Jordan will ask Britain next week to extradite a radical Muslim cleric who has been described as Usama bin Laden's "spiritual ambassador in Europe," Interior Minister Awni Yirfas (search) said on Friday.

Omar Mahmood Othman Abu Omar (search), better known as Abu Qatada, was among 10 foreigners that British police arrested Thursday on suspicion of posing a threat to national security in Britain. He allegedly has maintained links with radical groups in Britain, Italy, France, Germany, and Spain.

The detentions came days after British Prime Minister Tony Blair (search) announced tough new proposals to deport Islamic extremists in the wake of the July 7 suicide bombings in London that killed 56 people.

"We will contact the British government after the weekend to seek his extradition to Jordan," Yirfas told The Associated Press.

He said the request will initially be delivered verbally to the British Embassy in Amman and will be followed by a written request. The countries signed a extradition agreement earlier this week.

Yirfas said he could not predict when Abu Qatada will be sent back to Jordan.

"It all depends on the procedures here and in the United Kingdom," Yirfas said. He said British courts may have to endorse a deportation order from the London government.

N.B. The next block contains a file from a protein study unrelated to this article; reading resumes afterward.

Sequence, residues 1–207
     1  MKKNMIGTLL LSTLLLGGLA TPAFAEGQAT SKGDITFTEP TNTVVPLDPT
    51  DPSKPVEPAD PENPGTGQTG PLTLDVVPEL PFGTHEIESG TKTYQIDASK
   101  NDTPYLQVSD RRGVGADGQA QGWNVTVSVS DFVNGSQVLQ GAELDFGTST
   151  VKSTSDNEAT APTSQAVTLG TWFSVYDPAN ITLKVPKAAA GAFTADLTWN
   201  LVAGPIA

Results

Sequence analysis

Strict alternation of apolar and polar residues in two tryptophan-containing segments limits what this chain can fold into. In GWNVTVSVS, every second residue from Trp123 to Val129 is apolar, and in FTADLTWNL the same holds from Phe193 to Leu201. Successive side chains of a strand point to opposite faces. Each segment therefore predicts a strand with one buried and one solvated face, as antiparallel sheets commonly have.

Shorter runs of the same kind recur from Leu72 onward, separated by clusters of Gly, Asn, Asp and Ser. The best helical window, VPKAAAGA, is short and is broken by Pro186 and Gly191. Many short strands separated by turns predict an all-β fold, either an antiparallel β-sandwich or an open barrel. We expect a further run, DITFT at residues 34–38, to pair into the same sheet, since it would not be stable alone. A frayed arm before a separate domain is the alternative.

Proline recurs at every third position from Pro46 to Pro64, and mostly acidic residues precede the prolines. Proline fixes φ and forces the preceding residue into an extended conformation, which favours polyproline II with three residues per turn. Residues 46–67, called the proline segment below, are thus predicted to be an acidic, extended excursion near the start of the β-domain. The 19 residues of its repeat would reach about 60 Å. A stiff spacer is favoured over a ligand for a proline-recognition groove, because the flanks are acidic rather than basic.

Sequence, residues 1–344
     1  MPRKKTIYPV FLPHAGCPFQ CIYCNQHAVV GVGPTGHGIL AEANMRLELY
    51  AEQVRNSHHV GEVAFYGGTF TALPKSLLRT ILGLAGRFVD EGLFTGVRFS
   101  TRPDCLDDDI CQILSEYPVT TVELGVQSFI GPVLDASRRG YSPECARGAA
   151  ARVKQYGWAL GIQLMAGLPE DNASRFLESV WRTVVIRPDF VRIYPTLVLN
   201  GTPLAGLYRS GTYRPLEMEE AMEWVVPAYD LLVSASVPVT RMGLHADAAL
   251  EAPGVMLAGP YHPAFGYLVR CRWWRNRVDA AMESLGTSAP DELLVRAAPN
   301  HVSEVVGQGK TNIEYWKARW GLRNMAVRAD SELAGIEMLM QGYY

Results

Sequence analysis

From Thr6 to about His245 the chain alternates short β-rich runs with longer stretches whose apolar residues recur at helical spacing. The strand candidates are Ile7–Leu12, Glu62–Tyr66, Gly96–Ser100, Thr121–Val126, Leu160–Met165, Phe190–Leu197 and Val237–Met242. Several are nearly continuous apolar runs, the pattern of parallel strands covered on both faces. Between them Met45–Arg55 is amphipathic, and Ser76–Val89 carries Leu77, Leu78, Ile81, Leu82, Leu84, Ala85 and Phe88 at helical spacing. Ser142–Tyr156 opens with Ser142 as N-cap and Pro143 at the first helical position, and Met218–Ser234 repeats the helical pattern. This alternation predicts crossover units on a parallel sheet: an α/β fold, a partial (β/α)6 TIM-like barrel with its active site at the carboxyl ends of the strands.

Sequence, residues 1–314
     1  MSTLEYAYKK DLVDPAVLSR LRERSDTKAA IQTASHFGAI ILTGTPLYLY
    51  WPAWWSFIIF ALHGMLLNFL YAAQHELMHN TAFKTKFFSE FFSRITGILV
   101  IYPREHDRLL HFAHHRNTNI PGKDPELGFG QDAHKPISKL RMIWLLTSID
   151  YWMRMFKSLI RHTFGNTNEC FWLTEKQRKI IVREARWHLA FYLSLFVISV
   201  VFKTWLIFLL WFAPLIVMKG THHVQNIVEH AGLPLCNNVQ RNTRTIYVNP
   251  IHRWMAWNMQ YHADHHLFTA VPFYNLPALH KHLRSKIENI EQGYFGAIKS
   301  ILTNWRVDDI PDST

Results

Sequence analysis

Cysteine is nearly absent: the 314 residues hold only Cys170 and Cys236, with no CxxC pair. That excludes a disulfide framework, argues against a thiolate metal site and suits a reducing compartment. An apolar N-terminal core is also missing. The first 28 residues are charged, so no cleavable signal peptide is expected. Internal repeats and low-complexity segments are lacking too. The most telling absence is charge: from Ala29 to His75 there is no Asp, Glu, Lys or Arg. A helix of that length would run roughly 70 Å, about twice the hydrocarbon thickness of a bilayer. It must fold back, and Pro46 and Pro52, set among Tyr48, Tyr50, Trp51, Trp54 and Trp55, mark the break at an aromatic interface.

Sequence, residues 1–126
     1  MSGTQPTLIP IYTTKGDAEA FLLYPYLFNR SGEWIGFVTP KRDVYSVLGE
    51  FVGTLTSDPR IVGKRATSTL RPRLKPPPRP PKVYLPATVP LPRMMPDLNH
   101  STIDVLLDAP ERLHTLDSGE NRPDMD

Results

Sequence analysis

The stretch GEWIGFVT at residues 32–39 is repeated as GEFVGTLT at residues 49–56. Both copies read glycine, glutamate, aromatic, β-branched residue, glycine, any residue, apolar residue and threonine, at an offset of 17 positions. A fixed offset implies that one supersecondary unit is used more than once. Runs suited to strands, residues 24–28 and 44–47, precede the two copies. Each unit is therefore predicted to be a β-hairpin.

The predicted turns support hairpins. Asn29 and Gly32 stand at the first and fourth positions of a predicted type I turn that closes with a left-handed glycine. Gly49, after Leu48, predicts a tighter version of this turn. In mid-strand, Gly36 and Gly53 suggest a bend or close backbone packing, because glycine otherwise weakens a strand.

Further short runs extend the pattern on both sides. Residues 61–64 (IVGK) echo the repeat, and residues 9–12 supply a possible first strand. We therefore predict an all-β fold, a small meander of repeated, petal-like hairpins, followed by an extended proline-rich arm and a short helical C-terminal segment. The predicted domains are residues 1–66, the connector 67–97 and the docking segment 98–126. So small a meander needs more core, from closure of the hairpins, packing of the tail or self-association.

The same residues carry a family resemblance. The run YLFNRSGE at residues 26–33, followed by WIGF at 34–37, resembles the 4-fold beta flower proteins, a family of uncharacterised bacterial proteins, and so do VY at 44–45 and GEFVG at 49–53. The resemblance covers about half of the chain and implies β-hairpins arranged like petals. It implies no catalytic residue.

When he arrives in Jordan, Abu Qatada would be "retried under a Jordanian law which allows persons convicted and sentenced in absentia the right to retrial once captured," Yirfas added.

Born in the West Bank town of Bethlehem in 1960, Abu Qatada was convicted in absentia in Jordan in 2000 on charges of conspiring to attack U.S. and Israeli tourists during the kingdom's millennium celebrations. The State Security Court sentenced him to 15 years in jail.

According to the prosecution indictment, his role in the conspiracy was mainly to finance the terror group.

In its judgment, the military court said it had no evidence that Abu Qatada's group had links to the Al Qaeda terror network led by Usama bin Laden. But a Spanish judge described Abu Qatada as bin Laden's "spiritual ambassador in Europe."

British authorities believe Abu Qatada inspired the lead Sept. 11 hijacker Mohamed Atta and he is suspected of having links with radical groups across Europe.

At the end of another trial in 1998, a Jordanian military court found Abu Qatada and eight other militants guilty of conspiring to carry out acts of terror by detonating bombs outside an Amman hotel, a school, and under the cars of a former intelligence chief and a former interior minister. In that case, Abu Qatada was sentenced in absentia to 15 years in jail.